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Sending Tweets on Twitter

Twitter Codes and More for Productive Tweeting


The Twitter logo is displayed on a mobile device
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While technophiles have taken quickly to Twitter, turning every waking moment into a momentous occasion to tweet about, the computer user with limited Internet and social networking skills might be at a loss. The good news is I’ve created this simply little cheat sheet to help new Twitter users navigate the sometimes complex Twitterverse and help make your tweets more productive.

Sending a Tweet on Twitter

Ready to start sending tweets? See that little box at the top of your Twitter home page which reads “What are you doing?” Type in a tweet in this box and then press “Update.” But, remember, you have to express yourself in only 140 characters!

Reply to a Tweet

See a tweet you would like to reply to? Hit the reply button under the trash can next to the specific tweet and Twitter will automatically populate the text field with the user’s screenname so you can reply.

Delete a Tweet

Send a tweet before it was done? Visit your profile page on Twitter and click the trash can icon next to the tweet to delete it from the Twittersphere.

RT on Twitter

Read something funny or noteworthy that you’d like to ReTweet? Enter “RT” then “@” and then the Twitter username who authored the original tweet, then the original message. But, remember, the 140 word limit also applies here, so keep it brief, even extracting a portion of the original tweet if necessary.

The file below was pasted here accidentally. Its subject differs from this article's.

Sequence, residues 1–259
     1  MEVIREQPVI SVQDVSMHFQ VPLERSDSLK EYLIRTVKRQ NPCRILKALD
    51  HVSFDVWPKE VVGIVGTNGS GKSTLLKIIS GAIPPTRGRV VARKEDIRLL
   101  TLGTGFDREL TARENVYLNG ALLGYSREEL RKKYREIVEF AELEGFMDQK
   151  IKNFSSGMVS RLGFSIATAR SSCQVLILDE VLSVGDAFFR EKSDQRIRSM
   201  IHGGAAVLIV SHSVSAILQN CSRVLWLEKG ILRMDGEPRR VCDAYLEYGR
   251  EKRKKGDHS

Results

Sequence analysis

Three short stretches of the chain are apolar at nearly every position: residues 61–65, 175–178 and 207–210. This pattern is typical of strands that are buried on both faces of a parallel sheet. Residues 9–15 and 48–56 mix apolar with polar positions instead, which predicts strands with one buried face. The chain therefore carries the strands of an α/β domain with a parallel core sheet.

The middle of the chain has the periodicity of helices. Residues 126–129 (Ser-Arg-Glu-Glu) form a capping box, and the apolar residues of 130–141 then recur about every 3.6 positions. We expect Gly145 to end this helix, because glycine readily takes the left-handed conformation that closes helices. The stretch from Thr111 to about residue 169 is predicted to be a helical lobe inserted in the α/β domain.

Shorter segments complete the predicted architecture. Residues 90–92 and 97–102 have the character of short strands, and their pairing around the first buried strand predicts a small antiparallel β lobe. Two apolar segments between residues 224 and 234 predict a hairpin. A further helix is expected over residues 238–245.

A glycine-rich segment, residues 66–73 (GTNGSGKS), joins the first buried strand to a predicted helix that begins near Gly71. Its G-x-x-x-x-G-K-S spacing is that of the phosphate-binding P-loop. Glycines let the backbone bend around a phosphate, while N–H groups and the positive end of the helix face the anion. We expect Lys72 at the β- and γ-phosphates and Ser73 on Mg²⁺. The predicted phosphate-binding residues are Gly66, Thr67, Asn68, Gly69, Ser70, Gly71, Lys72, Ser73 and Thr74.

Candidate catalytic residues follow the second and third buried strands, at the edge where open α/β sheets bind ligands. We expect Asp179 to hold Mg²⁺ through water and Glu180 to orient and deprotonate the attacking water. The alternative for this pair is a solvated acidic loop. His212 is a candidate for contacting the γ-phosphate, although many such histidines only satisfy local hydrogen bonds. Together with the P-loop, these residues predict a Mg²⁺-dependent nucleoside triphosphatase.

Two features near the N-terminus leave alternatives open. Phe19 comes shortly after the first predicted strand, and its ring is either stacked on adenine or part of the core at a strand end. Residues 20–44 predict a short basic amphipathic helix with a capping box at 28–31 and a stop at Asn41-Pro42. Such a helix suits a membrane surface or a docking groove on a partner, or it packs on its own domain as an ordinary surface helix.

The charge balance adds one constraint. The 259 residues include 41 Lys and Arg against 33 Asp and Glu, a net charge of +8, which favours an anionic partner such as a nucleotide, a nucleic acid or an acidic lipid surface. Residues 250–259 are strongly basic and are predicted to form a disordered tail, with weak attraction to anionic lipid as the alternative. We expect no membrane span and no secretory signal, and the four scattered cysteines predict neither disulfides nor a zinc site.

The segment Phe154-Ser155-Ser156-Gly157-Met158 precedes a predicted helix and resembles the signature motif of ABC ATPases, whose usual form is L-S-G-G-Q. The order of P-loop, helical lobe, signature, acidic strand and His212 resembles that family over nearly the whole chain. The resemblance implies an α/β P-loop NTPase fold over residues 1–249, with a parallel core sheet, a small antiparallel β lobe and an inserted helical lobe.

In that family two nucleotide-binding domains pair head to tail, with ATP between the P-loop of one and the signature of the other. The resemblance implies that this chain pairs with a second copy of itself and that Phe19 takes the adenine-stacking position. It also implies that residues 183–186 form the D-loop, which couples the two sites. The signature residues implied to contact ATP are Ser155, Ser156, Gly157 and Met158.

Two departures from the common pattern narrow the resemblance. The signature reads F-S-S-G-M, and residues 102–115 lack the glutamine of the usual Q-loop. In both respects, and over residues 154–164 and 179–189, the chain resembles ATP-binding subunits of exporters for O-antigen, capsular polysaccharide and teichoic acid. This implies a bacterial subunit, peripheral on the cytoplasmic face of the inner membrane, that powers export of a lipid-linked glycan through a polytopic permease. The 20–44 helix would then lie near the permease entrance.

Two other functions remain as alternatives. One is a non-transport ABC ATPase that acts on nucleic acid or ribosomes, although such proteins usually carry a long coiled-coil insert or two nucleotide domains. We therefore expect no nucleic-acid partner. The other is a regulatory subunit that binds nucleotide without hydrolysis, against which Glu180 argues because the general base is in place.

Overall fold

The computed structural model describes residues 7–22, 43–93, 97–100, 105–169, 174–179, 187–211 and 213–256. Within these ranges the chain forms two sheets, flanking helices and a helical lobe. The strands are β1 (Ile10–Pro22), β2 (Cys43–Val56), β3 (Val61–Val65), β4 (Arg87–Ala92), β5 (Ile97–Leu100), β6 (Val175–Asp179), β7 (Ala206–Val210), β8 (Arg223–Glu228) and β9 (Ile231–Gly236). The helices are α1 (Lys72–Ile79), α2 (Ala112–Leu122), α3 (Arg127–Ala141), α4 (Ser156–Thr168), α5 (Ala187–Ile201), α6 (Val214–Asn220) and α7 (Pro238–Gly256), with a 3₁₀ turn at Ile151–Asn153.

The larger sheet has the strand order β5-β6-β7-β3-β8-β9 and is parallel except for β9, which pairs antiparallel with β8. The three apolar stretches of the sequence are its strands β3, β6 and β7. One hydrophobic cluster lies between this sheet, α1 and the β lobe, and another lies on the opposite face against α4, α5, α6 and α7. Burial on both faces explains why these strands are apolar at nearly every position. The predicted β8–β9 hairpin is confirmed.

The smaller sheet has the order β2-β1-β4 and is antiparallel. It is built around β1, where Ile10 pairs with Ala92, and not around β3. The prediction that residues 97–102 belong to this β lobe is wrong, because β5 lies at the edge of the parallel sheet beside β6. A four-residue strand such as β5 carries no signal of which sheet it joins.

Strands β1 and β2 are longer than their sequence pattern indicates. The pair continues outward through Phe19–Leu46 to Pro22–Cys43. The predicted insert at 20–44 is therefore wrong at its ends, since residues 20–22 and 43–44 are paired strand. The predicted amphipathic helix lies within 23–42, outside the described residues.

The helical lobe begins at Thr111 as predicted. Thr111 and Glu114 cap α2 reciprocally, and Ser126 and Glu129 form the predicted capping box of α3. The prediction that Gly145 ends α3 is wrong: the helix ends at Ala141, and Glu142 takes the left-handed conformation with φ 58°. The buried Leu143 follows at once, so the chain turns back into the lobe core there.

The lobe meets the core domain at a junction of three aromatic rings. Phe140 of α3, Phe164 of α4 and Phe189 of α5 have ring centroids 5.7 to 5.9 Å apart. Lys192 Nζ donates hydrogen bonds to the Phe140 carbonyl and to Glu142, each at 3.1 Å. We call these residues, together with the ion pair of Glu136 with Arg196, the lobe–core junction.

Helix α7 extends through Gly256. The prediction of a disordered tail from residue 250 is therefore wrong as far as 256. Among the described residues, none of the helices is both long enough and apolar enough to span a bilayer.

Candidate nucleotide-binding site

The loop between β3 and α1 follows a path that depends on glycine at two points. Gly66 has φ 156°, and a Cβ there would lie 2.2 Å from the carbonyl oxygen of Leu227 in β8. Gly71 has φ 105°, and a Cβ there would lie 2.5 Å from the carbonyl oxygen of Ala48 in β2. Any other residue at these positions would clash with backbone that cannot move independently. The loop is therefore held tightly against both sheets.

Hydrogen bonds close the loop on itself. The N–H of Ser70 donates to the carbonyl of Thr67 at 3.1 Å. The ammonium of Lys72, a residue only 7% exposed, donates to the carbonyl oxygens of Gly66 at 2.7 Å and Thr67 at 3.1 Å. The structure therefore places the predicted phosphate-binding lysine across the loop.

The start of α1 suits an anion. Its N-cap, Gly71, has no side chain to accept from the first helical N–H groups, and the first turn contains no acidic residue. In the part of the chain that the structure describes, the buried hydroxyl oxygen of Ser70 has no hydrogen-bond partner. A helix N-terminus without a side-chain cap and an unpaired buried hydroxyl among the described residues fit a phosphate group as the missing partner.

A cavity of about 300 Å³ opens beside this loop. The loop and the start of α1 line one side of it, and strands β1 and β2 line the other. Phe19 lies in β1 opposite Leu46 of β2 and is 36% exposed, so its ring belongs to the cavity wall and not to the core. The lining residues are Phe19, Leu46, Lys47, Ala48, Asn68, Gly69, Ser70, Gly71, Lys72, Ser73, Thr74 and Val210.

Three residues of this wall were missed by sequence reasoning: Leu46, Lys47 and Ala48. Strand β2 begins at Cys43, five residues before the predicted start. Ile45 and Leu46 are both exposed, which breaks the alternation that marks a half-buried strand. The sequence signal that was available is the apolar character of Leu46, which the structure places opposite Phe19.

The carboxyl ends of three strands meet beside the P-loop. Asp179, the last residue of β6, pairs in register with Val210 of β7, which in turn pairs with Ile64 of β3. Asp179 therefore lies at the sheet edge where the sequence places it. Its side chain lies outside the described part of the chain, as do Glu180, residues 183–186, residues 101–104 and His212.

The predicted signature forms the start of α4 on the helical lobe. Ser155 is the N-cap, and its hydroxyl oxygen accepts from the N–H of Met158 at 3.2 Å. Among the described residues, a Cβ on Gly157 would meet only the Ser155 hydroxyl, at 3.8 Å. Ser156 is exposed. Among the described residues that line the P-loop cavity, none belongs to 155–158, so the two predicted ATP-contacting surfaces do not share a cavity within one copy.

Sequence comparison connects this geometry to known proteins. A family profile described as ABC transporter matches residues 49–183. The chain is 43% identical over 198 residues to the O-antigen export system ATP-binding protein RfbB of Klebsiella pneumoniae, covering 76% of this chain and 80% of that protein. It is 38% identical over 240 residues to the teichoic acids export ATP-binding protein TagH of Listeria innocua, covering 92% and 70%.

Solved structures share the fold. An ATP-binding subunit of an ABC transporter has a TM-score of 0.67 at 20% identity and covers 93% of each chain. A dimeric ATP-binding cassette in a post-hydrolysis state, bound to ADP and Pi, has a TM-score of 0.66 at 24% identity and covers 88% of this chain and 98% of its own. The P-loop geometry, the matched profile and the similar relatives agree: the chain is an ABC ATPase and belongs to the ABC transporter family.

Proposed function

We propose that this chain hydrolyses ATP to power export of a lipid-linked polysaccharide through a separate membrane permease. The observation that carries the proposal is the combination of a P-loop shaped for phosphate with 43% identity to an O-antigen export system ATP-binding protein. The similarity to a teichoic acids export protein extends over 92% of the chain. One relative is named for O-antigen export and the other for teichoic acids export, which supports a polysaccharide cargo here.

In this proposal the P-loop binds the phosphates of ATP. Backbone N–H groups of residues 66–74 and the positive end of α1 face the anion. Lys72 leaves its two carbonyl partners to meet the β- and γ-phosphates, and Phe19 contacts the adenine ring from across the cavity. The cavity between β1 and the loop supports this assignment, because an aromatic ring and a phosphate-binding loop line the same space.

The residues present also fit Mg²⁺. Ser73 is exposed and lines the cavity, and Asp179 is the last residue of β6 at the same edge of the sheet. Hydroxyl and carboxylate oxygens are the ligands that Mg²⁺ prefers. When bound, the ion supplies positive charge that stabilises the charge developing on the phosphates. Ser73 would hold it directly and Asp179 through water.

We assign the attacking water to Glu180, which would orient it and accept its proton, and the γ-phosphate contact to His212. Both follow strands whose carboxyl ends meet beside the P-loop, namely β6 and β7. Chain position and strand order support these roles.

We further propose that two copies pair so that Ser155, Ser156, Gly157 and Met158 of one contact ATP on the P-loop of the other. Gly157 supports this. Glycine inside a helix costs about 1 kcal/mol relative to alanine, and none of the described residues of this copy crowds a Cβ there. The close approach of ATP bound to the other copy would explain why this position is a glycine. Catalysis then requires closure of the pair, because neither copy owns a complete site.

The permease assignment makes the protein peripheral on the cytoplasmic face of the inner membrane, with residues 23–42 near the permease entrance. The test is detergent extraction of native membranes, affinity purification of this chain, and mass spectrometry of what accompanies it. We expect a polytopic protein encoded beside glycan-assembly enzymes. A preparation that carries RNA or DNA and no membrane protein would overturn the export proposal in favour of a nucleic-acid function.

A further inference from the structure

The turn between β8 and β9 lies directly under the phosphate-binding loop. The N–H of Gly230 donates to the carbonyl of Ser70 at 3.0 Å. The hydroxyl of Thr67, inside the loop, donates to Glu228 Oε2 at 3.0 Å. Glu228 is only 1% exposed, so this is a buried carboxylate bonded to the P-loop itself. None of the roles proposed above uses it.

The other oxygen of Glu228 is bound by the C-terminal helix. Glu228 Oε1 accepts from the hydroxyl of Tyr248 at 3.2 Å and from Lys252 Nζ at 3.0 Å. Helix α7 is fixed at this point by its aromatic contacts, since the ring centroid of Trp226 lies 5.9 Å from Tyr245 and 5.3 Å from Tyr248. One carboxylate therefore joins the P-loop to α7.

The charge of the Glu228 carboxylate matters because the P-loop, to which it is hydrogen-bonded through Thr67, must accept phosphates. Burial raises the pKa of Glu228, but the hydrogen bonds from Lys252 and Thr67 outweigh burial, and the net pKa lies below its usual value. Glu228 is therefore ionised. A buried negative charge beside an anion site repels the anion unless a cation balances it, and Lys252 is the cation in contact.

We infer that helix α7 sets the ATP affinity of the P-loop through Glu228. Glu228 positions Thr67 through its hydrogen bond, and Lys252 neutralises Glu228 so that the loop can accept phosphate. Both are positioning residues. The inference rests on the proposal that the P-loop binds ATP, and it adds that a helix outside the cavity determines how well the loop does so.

OH on Twitter

Want to ReTweet something but don’t want to reveal the original author? Enter “OH” then the original message. “OH” stands for “overheard,” and helps us reiterate an earlier message without reveal (or embarrassing) the tweet’s author.

HT on Twitter

Heard something from a Twitter user in real life? Tweet this information using “HT,” (which means “Heard Through”) then the “@” and then their Twitter username.

# on Twitter

See the “#” on Twitter and wonder what it could mean? The hashtag helps Twitter users designate keywords to conversations that are popular. For example, the swine flu pandemic recently discussed in the news has been designated as #swineflu. This is helpful for those who search for information about the swine flu in the future using Twitter’s search function.

To designate a keyword, tweet and let folks know about it. For example, I might tell friends and family to use #Brandon25 to discuss my 25th birthday coming in May.

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